Of course, these issues all arise after one has begun interacting with the media. But, how does one initiate these interactions? An effective and easy way to initiate media interactions is to contact the media relations office at one’s academic institution. This office may be very small and handle a variety of tasks. On the other hand, especially at larger institutions, the office can be quite sizeable and a researcher will be assigned a person who will handle all aspects of media interactions. This resource is highly valuable, as they will assist with the writing of a press release that they will then distribute using their pre-existing contacts with local and national media outlets. In some cases, they will personally contact individual reporters to inform them of the work and to establish interviews. In many instances it is wise to work through these offices, as it allows the university to document one’s efforts to work with the media and it is a source of often knowledgeable professionals. As well, it might help prevent an onslaught of media requests, given that there is a contact person other than the researcher. Researchers can also provide the office a list of the types of interviews she or he is willing and not willing to perform. For example, one may wish to avoid certain radio shows (e.g., a show that is oriented towards a particular audience and known to be hostile) or live interviews, and informing the media relations office of this decision may save the researcher time and energy. Media reports that draw attention to the university are viewed as advertising revenue; a story that is picked up by the international media can be valued as over a million dollars of free advertising (personal communication, York University Media Relations 2004).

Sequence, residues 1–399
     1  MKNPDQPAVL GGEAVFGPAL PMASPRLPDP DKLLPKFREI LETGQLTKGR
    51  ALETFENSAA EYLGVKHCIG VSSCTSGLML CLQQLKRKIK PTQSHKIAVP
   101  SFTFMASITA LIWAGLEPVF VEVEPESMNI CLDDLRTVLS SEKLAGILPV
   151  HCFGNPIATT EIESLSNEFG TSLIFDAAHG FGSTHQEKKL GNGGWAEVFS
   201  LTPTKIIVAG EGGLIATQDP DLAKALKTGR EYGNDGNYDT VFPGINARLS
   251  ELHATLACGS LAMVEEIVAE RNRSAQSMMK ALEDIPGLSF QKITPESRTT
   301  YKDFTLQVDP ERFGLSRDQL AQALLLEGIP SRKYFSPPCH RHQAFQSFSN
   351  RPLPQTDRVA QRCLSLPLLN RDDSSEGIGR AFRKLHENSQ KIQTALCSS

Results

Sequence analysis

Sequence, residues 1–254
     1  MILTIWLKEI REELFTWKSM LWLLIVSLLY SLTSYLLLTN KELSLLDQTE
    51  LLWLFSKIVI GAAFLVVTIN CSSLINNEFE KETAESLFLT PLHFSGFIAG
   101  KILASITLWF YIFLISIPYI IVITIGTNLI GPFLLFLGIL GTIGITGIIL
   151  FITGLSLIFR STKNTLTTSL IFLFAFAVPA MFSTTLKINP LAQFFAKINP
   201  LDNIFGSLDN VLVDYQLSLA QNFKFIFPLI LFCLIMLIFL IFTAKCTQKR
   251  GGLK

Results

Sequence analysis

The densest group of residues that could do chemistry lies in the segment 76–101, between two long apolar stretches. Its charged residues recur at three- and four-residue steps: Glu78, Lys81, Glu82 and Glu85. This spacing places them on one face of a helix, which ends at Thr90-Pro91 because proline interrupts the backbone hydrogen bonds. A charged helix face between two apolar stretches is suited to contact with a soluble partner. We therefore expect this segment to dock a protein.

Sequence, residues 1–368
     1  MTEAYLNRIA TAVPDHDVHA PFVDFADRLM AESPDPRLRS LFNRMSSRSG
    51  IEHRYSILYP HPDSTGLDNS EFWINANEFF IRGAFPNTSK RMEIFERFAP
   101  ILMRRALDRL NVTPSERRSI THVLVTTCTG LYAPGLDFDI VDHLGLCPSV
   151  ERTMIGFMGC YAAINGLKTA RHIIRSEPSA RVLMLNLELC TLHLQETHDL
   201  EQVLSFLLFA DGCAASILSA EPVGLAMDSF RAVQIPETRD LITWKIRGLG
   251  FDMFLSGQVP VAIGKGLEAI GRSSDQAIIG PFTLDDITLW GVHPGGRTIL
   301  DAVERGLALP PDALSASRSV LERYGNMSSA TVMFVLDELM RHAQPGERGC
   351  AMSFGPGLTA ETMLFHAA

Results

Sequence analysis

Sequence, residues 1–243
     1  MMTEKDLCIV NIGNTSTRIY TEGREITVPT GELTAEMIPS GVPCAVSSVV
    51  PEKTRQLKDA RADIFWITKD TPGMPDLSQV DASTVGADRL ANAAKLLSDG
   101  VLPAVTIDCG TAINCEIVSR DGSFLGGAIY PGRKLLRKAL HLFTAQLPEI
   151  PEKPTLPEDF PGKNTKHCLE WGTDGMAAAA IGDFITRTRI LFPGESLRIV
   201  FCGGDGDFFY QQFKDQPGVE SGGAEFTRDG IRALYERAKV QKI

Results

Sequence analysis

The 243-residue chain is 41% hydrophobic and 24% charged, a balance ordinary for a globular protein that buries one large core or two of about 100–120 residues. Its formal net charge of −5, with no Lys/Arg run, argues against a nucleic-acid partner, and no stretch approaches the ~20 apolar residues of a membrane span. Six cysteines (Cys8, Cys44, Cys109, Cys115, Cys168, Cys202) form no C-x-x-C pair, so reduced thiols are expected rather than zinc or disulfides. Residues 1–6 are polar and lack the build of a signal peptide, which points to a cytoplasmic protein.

The journal in which the work is published will greatly influence how widespread the media attention becomes, as well as whether it is noticed at all. This variance is not entirely related to the size and longevity of the journal, but is heavily influenced by the presence of a media relations office or officer who is associated with the journal. Larger, more established and popular journals (i.e., Nature, Science, Proceedings of the Royal Society of London, British Medical Journal) tend to have a media office, such that a staff member will be assigned to personally interact with the researcher. That individual will often contact the researcher directly if the work is perceived to be media-worthy, and work with her or him to generate a press release. This release is then distributed by the journal to various media outlets, and the media can use that release to generate the story, or is invited to contact the researcher or the institution’s media office. Smaller journals might instead have a media relations officer who will work with researchers who wish to have media pay attention to their paper. Journals profit from having the media report on the work, as it brings attention to the journal itself, and hence, it is worthwhile for them to help researchers do well in this regard.